10. Van Halen, Feb. 17, 1984: Columbia was an early stop on Van Halen’s 99-date 1984 North American Tour, a slogging marathon that proved to be the David Lee Roth version of the band’s denouement. The foursome from Pasadena, California, were still fresh when they hit the stage at the coliseum, just 11 dates into the tour. The band treated the more than 12,000 fans in attendance to selections from throughout the band’s catalog as well as a drum solo by Alex Van Halen, a bass solo by Michael Anthony, and, of course, a rip-roaring guitar solo from Eddie Van Halen.
9. South Carolina Women’s Basketball, the Nancy Wilson Years (1984-1997): USC first established itself as a women’s basketball power under the leadership of Head Coach Nancy Wilson. Under Wilson, South Carolina won or shared the Metro Conference title on five occasions while earning five bids to the NCAA Tournament. Then known as the “Lady Gamecocks,” the South Carolina team proved to be one of the strongest draws in women’s basketball at the Carolina Coliseum. In 1991, the Gamecocks joined the Southeastern Conference, which led to a temporary reversal of the women’s basketball team’s fortunes.
8. High School Graduations (1969-Present): The Carolina Coliseum has long been a part of a special day in the lives of young people and their families in the region. It has served as the venue for hundreds of graduations for Richland and Lexington county high schools over the past five decades.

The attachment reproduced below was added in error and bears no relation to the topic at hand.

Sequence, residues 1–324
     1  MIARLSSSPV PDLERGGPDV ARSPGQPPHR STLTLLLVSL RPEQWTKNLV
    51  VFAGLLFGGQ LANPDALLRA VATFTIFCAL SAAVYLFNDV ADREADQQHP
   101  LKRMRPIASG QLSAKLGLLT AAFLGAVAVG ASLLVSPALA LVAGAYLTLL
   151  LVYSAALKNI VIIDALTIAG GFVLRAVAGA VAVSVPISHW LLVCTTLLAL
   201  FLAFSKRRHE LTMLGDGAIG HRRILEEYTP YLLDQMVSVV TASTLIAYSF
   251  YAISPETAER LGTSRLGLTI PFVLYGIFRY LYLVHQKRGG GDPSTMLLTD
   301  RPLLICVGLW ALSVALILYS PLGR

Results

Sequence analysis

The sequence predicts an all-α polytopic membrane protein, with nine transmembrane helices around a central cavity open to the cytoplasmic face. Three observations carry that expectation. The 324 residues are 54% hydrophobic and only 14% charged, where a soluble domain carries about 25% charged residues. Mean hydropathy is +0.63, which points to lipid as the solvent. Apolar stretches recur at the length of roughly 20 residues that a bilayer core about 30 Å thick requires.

7. South Carolina Men’s Basketball, The Eddie Fogler Years (1993-2001): After leading Vanderbilt to the Sweet 16 in 1993, Eddie Fogler brought his reclamation project to Columbia. The Queens, New York, native brought South Carolina basketball back to prominence over the next few seasons, luring the throngs back to the Carolina Coliseum to watch Gamecocks basketball. In 1996-1997, South Carolina earned its first-ever SEC regular season championship and finished the season ranked No. 6 in the national polls. In 1997-1998, the Gamecocks won another 23 games, finished the season in the top 10, and earned another bid to the NCAA Tournament.
6. World Championship Wrestling, Clash of the Champions VIII: Fall Brawl ’89, Sept. 12, 1989: WCW returned to the Carolina Coliseum with a cast of characters familiar to Mid-Atlantic Wrestling fans for this made-for-television event on TBS. Fans got to see World Heavyweight champion Lex Luger retain his belt against Tommy Rich as well as Ric Flair and Sting winning by disqualification against Dick Slater and the Great Muta in a Tag Team match.
5. South Carolina Women’s Basketball, 2001-2002 Season: The reemergence of South Carolina as a women’s basketball power took place in the last years that the coliseum served as the Gamecocks’ primary home. In 2001-2002, the team went 25-7 and earned its first ever bid to the Elite Eight. Susan Walvius rebuilt the Gamecocks into one of the country’s toughest and most talented clubs. Two players from the 2001-2002 team enjoyed WNBA careers — forward Jocelyn Penn and guard Shaunzinski Gortman.